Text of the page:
• There aren’t a lot of effective taste deterrents for a dog that really likes to eat it’s own poop
  • Whether or not the nose is wet, dry, warm or cold, it means nothing. Really nothing.
  • Being female does not automatically make me a nurse. I’m the vet.
Why a veterinarian *might* be a useful romance lead

If I haven’t put you off writing a veterinarian in your romance novel, or if you’re still undecided, let me assure you that many of us do manage to lead reasonable lives, and some even find time for romance. We’re unlikely to be rich and unlikely to be bored at work but we do have other features that make us, on the whole, at least pretty average human beings.

All of us are different. We are all (to my knowledge) human beings, but many of us do share a few common traits.

Dedicated. To even graduate a veterinarian must have dedicated themselves to their studies, often for more than 5 years, and continue to work in a difficult field for relatively poor pay compared to other types of doctor.

Emotional Softies. They endure everything the profession throws at them, late nights, poor wages, emotional turmoil, all because at the end of the day, they like animals.

Likes certain animals. Every vet will develop opinions about what sort of animals they never want to be near again, and would never own. They are generally very happy to be surrounded by everything else, so long as they’re healthy.

Not always fond of people. A large number of vets chose this career over human medicine because they “don’t like people.” While a good vet can certainly put on their public-facing persona as required at social events, they are equally as likely to be the person hiding in the back room talking to the cat.

Educated. They went to university and have studied sciences alongside veterinary medicine.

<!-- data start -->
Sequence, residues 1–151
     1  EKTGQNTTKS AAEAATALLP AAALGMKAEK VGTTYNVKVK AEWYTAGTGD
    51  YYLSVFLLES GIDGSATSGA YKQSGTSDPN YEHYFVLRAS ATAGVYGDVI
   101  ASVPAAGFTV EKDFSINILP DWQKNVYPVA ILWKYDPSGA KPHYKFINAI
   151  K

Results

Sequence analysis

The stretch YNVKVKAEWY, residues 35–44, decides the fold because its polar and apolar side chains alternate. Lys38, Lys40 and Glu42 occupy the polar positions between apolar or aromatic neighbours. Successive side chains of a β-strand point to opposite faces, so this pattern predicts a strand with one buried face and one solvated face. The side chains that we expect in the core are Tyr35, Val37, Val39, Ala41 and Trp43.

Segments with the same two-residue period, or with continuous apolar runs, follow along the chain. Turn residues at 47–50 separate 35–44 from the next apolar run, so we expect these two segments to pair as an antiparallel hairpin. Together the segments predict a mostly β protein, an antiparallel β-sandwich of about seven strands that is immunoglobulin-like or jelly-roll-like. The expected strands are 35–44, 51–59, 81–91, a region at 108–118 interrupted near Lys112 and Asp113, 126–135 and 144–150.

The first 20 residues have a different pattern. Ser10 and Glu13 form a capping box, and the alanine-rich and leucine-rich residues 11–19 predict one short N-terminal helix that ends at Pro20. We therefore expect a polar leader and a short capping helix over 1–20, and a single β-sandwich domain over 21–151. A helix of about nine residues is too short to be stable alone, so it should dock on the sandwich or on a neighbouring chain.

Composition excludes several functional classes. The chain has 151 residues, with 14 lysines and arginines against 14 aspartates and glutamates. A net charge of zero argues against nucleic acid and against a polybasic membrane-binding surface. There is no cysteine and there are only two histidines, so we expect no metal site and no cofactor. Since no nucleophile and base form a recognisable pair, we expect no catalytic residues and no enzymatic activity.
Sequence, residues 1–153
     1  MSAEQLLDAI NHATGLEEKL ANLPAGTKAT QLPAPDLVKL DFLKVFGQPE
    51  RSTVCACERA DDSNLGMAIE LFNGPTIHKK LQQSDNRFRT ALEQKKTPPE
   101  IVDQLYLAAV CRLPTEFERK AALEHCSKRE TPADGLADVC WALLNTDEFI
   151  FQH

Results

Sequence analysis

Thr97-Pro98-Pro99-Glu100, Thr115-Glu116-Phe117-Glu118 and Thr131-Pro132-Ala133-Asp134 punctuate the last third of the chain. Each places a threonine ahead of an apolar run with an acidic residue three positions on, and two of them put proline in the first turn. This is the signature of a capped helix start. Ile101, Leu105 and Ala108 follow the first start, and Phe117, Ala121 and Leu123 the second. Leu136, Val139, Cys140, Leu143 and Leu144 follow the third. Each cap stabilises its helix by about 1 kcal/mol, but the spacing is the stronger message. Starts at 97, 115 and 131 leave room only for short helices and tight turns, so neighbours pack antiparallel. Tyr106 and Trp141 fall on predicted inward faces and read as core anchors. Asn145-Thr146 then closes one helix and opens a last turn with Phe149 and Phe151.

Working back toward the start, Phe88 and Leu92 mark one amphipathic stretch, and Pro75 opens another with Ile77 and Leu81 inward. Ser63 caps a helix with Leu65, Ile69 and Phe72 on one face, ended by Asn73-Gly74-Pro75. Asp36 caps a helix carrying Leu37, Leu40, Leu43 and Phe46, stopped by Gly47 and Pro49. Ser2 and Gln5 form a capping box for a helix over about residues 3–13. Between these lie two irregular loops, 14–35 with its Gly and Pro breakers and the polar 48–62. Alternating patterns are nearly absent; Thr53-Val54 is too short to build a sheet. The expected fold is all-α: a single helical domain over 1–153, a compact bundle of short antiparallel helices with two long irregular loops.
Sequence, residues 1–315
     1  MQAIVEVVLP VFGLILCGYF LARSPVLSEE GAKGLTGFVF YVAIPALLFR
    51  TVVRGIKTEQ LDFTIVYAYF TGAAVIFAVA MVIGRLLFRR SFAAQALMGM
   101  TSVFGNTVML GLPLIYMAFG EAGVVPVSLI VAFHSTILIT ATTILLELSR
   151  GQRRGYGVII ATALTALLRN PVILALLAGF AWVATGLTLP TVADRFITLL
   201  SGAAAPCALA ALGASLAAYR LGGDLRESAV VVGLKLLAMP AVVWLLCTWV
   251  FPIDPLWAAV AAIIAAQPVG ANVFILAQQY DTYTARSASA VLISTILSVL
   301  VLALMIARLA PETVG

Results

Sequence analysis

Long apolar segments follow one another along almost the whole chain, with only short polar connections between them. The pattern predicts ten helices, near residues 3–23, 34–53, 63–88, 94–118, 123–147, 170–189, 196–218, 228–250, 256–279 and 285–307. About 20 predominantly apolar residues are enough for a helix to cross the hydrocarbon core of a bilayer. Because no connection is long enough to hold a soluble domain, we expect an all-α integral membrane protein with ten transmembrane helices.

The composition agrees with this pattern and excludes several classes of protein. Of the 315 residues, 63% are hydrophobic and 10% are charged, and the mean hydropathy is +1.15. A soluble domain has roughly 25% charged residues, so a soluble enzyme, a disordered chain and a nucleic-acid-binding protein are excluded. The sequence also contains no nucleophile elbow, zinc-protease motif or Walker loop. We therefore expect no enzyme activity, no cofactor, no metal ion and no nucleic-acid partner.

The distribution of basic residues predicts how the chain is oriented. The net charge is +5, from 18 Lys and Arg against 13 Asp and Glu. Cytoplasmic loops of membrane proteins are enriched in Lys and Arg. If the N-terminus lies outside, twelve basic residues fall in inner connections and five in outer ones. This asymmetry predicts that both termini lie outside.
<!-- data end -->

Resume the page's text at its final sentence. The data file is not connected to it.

Problem solvers. If there’s only one thing that all veterinarians have to be, it’s able to solve problems. Whether it’s converting medication for a patient of an exotic species or a dog that’s ludicrously tiny, or devising a treatment plan that fits in with the owner’s limitations, we sole problems every day.

Understanding. Many of us face mental health issues of our own at some point. We do understand, at least a bit, about what that’s like. We also learn very quickly that things do not always go according to plan, and some things are just beyond human control.

We have access to a large supply of at least two different types of lube. Fact presented without further comment.

anonymous asked:

Are commercially bred fish (such as goldfish and bettas, who have been altered by humans for their pretty tails/colors/patterns) considered domesticated? Wikipedia classed them as such but I'd like a professionals opinion in conjunction with that.

Yes, they’re considered domesticated. Humans have kept them for multiple, multiple generations and selectively bred them to an extent that they are now very different genetically and phenotypically from their wild ancestors.

For example, the Prussian Carp

(Source)

Was eventually turned into multiple varieties of goldfish.

(Examples from here)

That’s the result of a long period of selective breeding. There’s some pretty strange shapes we’ve bred into those fish, several of them making me downright uncomfortable. Some of these fish can’t see in front of their face, they can’t see what they’re eating. They’re pretty, but I wish people would remember these things are alive too.

I was very keen on Bettas in my adolescence. I think the most I had was twelve at one point. I would classify them as domesticated as well, because we took a fish like this:

and bred them into these:

They’re genetically and phenotypically different from the wild type betta. It shows, too. Breeding half-moons and over half-moons is very challenging, especially if you’re using a ‘quality’ male. The volume of finnage they have to drag around is huge, and they breed by wrapping their body around a female and squeezing her. The female is lucky enough to have much shorter fins.

They are very pretty and I like them a lot, these little fish to actually have personality and attitude, but I also feel like going beyond super delta is too far.

The welfare aspects of breeding fish to such extreme shapes s generally overlooked, and will probably remain that was because fish are often viewed more like ornaments than like animals. I hope that changes, but I doubt it will happen very soon.

And I’d like to take a moment to indulge a pet peeve. Someone, somewhere, had the bright idea of taking my favorite species of fish, the beautiful pearl gourami…

… and inbreeding it to the point where we end up with creatures like this…

I mean, WHY did you have to do this? It just saddens me like you wouldn’t believe.

Just because we can do these things, doesn’t always mean we should.